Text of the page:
Ask Matt: Spinoff Mania, ‘Night Court’ & Long Streaming Waits

Kevin Costner in 'Yellowstone' Season 5
Paramount Network

Welcome to the Q&A with TV critic — also known to some TV fans as their “TV therapist” — Matt Roush, who’ll try to address whatever you love, loathe, are confused or frustrated or thrilled by in today’s vast TV landscape. (We know background music is too loud, but there’s always closed-captioning.)

One caution: This is a spoiler-free zone, so we won’t be addressing upcoming storylines here unless it’s already common knowledge. Please send your questions and comments to [email protected] and follow me on Twitter (@TVGMMattRoush). Look for Ask Matt columns on most Tuesdays and very occasional Fridays.

Spinoff Fatigue

Question: Why do Paramount+, Showtime, and AMC have so many spin-offs/upcoming spin-offs? Do they have problems finding or coming up with original content? Don’t get me wrong, Better Call Saul was great, but I’m glad that they are leaving the Breaking Bad franchise alone now. I wish I can say the same about The Walking Dead. I lost count of how many spin-offs that show has. Now Showtime is doing spin-offs of Billions and Dexter, not to mention Paramount+ with Yellowstone’s spin-offs. Can these networks just let sleeping dogs lie? — Marques

Matt Roush: I assume your last question was purely rhetorical, because the answer at the moment is a big loud no. IP (“Intellectual Property”) is the currency of the moment, especially with these networks that are hoping to reinvent themselves or at least stay viable by squeezing as much juice as they can out of familiar titles. (And let’s not forget Starz and its multiple iterations of Power and soon to spin off Outlander.) It’s possible, of course, that some of these series will be worth watching. The companies obviously feel they’re giving the audience more of what they want, or wanted. The danger here, as we’ve seen in particular with Showtime offloading shows already produced (Ripley) or canceling shows that may be lacking in franchise potential (Let the Right One In most recently, itself a series version of movie IP), is that the market for something new and original, something that might deserve to stand on its own, appears to be shrinking. And that’s not a positive trend.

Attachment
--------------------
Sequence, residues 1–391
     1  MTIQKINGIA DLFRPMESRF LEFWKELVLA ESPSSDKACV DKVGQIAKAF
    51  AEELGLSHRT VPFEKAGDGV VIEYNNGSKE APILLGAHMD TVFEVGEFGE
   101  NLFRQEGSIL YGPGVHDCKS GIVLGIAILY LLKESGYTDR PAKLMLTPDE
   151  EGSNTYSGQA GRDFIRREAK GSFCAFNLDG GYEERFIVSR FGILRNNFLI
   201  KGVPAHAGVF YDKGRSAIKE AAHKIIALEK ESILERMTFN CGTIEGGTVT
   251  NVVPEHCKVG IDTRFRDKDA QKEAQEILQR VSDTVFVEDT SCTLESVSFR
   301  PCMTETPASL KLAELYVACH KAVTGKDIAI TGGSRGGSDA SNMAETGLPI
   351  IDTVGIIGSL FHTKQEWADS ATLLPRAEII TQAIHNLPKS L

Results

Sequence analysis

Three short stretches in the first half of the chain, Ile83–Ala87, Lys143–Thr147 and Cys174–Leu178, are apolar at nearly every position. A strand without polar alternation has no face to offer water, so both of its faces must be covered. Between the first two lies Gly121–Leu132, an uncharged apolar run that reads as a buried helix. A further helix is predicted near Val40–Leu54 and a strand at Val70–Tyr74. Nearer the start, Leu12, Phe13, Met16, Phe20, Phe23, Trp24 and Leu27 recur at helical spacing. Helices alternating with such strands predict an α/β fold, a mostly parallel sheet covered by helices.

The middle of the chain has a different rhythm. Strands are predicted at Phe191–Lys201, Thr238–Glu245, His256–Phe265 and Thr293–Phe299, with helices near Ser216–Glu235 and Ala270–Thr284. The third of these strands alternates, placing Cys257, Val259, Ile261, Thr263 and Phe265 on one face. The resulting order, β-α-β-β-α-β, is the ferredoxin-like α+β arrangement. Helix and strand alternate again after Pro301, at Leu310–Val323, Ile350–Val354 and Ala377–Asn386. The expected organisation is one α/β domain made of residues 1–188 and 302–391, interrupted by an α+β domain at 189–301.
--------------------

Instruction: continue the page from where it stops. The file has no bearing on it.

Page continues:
The Jury’s Still Out

Question: I’ve watched all of the episodes of the new Night Court reboot, and read your comment about it online. I keep hoping it will get better — it’s not all that bad, but suffers from the same thing as most current sitcoms: overacting and over-delivery of lines. The old pro, John Larroquette, is good, as always, but all of the other characters act as if they know they’re in a sitcom. They deliver every line as if they know how clever they are, and loudly in case the audience doesn’t get it. They have unnatural pauses waiting for the laughs. Real people don’t behave like this, unless they’re trying to become the most hated contestant ever to appear on Jeopardy!, but that job was filled last week. — Bill A.

Matt Roush: Let’s give that Jeopardy! kid a break. It’s one thing to appear awkward on a high-pressure quiz show, and another to be a trained professional who should know something about performing on camera (not to mention the director who allows for the mugging). Like you, I’m trying to find the good in the Night Court reboot, since it’s going to be around for at least another season, but outside of Larroquette and to a lesser degree Melissa Rauch (who needs better material), it’s just painful most weeks. There’s an art to acting in a multi-camera, live-audience sitcom — which most liken to the theatrical experience — because you have to play to the audience, which includes timing for laughter, but not overdo it. When it’s off, it’s uncomfortably noticeable.

The Waiting Game

Question: For those of us that don’t have the Paramount Network and are not able to watch Yellowstone as it’s released, will we have to wait until the second half of Season 5 has ended to watch on Peacock? Or will we be able to watch the first half sometime before the second half comes back? Making us likely wait until fall or winter to watch the whole Season 5 is excruciating. — Jenny

Matt Roush: If the past is any indication, and it usually is, I’m afraid you’re in for a long wait. Looking back at the history of past seasons, Peacock has not streamed Yellowstone until well after the current season concluded, usually by a few months. I will never understand the intricacies of streaming deals, but it would make sense for Paramount Network to hold onto exclusive rights to the new episodes until the full season has finished and can then be binge-watched on the streamer. (It’s already weird enough that because of the pre-existing contract, Peacock has rights to a Paramount show whose other spinoffs are all exclusive to Paramount+.) But I only know what the streamers announce month to month, and it doesn’t appear the new episodes of Yellowstone will be available anytime soon.